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States Get a Jump Start on SOTU Agenda

On Tuesday night, President Obama laid out his second term agenda in a State of the Union address that detailed specific policy proposals across a range of issue areas. But even as national conversations around the minimum wage, immigration, gun violence prevention, and early education began to get louder in the wake of the President's speech this week, states were already getting a jump start on many of these issues. As Iowa State Senator Joe Bolkcom, Chair of the Board of PSN, said in a response to the State of the Union this week, "state legislators across the nation know they do not need to wait for Washington to act."

Sequestration: Coming Soon to a State Near You?

The "sequestration" cuts to domestic and defense programs still loom in the not-to-distant future. The latest noises from Washington, D.C. are that, thanks to conservative opposition to including additional revenues, the draconian cuts may very well come into effect on March 1st. Here's the current state of play in D.C. — and how some are predicting it might affect the states.

On Marriage Equality, Eight Years = 180 Degrees

Eight years ago, progressives were recovering from an Election Day that saw a full 11 states ban same-sex marriage at the polls. The environment in early 2013 could not be more different. Coming off of historic successes at the polls in four states in November, momentum behind marriage equality efforts continues to grow in state after state in advance of what is likely to be a landmark Supreme Court decision on the issue this term:

No Letdown in the War on Women

For months, conservative strategists and pundits have publicly ruminated on the need to turn their focus away from "divisive" social issues — things like the war on women's health that dominated statehouses in 2011 and 2012, when states passed an astounding 135 restrictions on abortion. But if this is the national strategy, word has apparently not yet filtered down to the states just yet. Here's just some of the anti-women's health bills that have been proposed and passed in statehouses over the past week as the war on women continues unabated:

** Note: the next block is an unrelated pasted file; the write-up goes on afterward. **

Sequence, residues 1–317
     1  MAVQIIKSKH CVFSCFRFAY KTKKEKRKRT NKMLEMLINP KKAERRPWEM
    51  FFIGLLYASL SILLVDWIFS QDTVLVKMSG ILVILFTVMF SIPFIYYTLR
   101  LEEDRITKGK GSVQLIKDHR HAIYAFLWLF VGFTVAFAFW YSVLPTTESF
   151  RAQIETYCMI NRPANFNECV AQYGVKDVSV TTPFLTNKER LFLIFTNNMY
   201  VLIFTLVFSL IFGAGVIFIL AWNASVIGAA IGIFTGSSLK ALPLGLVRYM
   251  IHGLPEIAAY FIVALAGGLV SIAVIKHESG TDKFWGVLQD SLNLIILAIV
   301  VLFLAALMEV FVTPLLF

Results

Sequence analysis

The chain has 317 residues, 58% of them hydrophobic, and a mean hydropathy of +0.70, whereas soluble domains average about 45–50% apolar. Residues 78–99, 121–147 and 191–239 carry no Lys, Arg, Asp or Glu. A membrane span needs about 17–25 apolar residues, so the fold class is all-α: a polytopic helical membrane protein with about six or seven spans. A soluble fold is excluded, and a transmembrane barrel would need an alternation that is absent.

Anti-Union Bills Still Percolating in Midwest

From Missouri to Pennsylvania to D.C., anti-union "right-to-work" laws are still being proposed and debated. Michigan workers continue to fight their law in the courts weeks before it is set to take effect, while workers in nearby states remain prepared for similar legislation to emerge. Meanwhile, an "anti-right-to-work" bill moved forward in Vermont — legislation that would require all workers who receive benefits thanks to a union to pay their fair share.

Memories of Long Lines Focus Attention on Election Reform

A new analysis showing how widely voters' wait times on Election Day differed by state and demographic group — as well a new report on how voter registration modernization and early voting could help fix the problem — are both helping to focus more attention on election reform efforts early in state legislative sessions. Meanwhile, efforts to suppress the vote are proceeding as well, while a controversial redistricting scheme in Virginia seems to have fallen apart.

Infographic: How Long Were Election Day Lines in Your State?

The images are still fresh: endless lines of voters waiting for hours outside polling places on Election Day merely to participate in the democratic process. In some states, these lines were exacerbated by partisan efforts to restrict access to the polls, including cutting back on early voting days, as well as antiquated registration systems and poll sites running out of ballots. A new analysis shows the wide disparities in time spent on line by voters across the fifty states and across different demographic groups. 

States Get a Head Start on Immigration Reform

The same week that both President Obama and a bipartisan group of U.S. Senators released proposals for comprehensive federal immigration reform, pro-immigrant policies continued to gain traction in the states on issues including tuition equity and driver's licenses for DREAMers. Nearly three years after Arizona passed SB 1070, anti-immigrant forces are clearly finding themselves increasingly isolated at both the state and federal level in 2013:

Multiple States Mull Raising Minimum Wage

Many states are already considering action on the minimum wage in new sessions — by legislation or by ballot initiative. Polls and studies released this week continued to show both the broad and deep popularity and the positive economic effects of raising the wage:

A "Progressive Tax Rebellion"?

As goes California, so goes the nation? The conservative anti-tax revolt that began in the Golden State over 30 years ago was rebuked by voters this past November when they approved Prop 30. Early in sessions in 2013, other states are showing signs of following a similar path and refusing to rely on economically destructive cuts: